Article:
The fact is, we are at an inflection point. The decisions we make today — or fail to make — regarding our electricity system will have repercussions for generations to come.
In Canada, electricity assets are reaching the end of their lifecycle, which can range from 30 years for a utility pole to as much as a century for a power plant. Much of the system built a generation ago now needs to be replaced or refurbished and when it comes to renewing electricity infrastructure, the lead times are long – often measured in decades.
Over the past decade, utilities have made investments of about $9 to $11 billion per year. However, according to the Conference Board, just to keep the system running will require some $350 billion over the next 20 years, which translates to about $15 billion per year.
But looking ahead, new technologies like small hydro will have an enormous impact on the electricity industry.
Enter: the HUG Wave Energy
Compare this with a Hydo electric farm based on wave energy, an energy source, which has been elusive for the last 40 years. Wave Energy technologies would be 100 times more effective at fighting climate change than fossil fuel power plants on a per-kWh basis because it has Zero g of carbon dioxide produced per kWh.
Enter the base power HUG: $.02 /kWh ($0.01/kWh carbon credits): 11 MW cost 10.5 Million: ($10,500,000/11,000 kW = $954/kW )
HUG Wave Energy will be lower-cost, lower-maintenance, and longer-lived than any of the other wave-energy devices, of which we are currently aware. The HUG‘s compact and robust wave power plant enables over ten times higher annual energy output per ton compared to conventional wave devices.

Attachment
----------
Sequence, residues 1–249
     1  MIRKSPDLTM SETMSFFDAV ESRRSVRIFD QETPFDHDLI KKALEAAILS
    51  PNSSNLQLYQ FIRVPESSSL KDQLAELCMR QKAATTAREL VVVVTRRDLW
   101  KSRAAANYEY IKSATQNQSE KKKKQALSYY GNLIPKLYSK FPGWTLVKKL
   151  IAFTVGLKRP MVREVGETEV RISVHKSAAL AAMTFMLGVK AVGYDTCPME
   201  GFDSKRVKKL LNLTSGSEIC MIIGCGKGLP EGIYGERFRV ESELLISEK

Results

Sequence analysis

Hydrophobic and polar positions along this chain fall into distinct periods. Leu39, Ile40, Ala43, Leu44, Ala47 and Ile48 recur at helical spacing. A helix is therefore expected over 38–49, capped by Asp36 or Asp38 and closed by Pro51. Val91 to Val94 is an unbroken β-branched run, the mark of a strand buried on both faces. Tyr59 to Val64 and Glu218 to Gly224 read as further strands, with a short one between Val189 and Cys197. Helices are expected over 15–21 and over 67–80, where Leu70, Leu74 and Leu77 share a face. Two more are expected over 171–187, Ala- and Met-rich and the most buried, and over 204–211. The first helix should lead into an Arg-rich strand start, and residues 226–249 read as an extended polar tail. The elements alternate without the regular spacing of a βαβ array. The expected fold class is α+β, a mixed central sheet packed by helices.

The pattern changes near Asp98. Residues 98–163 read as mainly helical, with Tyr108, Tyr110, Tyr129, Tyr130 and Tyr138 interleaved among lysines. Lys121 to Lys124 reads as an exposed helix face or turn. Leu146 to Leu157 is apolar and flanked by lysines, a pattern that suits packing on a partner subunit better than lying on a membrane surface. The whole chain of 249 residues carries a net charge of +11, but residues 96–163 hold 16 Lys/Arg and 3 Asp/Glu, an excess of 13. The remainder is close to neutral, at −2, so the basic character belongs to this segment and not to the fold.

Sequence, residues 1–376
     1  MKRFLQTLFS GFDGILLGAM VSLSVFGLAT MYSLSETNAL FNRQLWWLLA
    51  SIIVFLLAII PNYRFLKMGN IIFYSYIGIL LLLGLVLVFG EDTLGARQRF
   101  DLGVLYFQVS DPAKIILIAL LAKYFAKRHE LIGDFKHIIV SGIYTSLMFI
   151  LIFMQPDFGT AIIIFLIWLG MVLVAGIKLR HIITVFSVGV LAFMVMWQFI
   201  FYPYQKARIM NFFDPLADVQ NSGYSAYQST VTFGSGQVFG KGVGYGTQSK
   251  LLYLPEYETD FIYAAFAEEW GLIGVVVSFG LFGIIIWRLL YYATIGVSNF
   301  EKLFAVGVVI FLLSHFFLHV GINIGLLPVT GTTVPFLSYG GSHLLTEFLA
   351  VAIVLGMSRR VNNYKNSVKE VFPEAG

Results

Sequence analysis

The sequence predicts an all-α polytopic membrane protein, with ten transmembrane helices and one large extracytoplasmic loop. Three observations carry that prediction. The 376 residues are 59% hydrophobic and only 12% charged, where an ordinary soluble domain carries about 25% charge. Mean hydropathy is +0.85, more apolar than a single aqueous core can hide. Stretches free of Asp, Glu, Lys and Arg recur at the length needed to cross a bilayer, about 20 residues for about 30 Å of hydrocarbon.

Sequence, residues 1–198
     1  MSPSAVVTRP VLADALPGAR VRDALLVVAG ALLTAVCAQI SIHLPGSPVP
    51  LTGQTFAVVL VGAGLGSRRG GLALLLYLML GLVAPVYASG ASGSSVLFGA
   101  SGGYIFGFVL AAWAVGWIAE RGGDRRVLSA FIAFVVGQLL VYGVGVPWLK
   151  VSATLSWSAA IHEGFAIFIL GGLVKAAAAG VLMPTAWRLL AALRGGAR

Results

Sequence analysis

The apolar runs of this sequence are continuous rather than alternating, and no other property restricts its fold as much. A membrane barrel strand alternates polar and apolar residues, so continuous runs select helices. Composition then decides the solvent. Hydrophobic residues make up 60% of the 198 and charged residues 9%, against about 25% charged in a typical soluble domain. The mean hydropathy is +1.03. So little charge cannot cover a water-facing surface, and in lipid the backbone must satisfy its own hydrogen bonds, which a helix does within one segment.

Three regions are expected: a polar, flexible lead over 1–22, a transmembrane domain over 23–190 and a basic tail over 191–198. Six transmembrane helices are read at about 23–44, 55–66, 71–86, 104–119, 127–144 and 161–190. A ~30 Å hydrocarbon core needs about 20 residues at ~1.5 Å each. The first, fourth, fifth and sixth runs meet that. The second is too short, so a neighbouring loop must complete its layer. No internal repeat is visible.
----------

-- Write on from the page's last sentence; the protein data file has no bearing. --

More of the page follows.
Furthermore, because HUG Wave Energy can operate in the deep sea, and not just onshore or near-shore like so many of the other systems being developed or deployed today, farms of HUG devices will not damage or displace sensitive coastal ecosystems, won’t interfere with local shipping; it will be able to scale virtually without limit, providing as much power as is needed.
Considering the ability of HUG devices to generate power in waves too small to energize many other devices, our analyses of historical wave data (obtained from NOAA buoys monitoring the wave climate) show that farms of HUG devices would have capacity factors more than high enough to allow them to serve as baseload power sources (unlike wind, solar, and many other wave energy devices).
Floating Turbine System
Now you can anchor a cable to either side of a stream/river and have floating turbines turned by the ordinary current. A floating HUG Helical Turbine System will capture the kinetic energy from the current. No dam required, just a flow. It wouldn’t bother the fish. It would interfere with navigation if they were anchored only halfway across, leaving half the river open to navigation. Thousands of small rivers and streams could possibly be utilized this way.
The Pump HUG is used in a river current to increases its velocity between two to four times because of the vortex inside.
The game changer will be the introduction of the innovative HUG, which will both provide electricity in rural remote areas. What is more important: HUG will provide electricity using fast moving water for an irrigation system, extending to 25 km from any slow moving water source. This will increase the productivity of our supported farms by 300%, because there will be three to four harvests per year.
SOME IMPORTANT LINKS
- An Irrigation System: NORTHydro.com
- A Rabbit and Fish Farm: AfriCAPITALISM.us
- An Agroforestry Intercrop System: LivingWaterIs.com
- The Charitable Arm: SunnyUp.net
- God’s Loveletters: Godloveletters.com
- Thunder of Justice: ThunderofJustice.com
- Microfinance for women: LivingWaterMicroFinance.org
- Deliverance Is: DeliveranceIs.com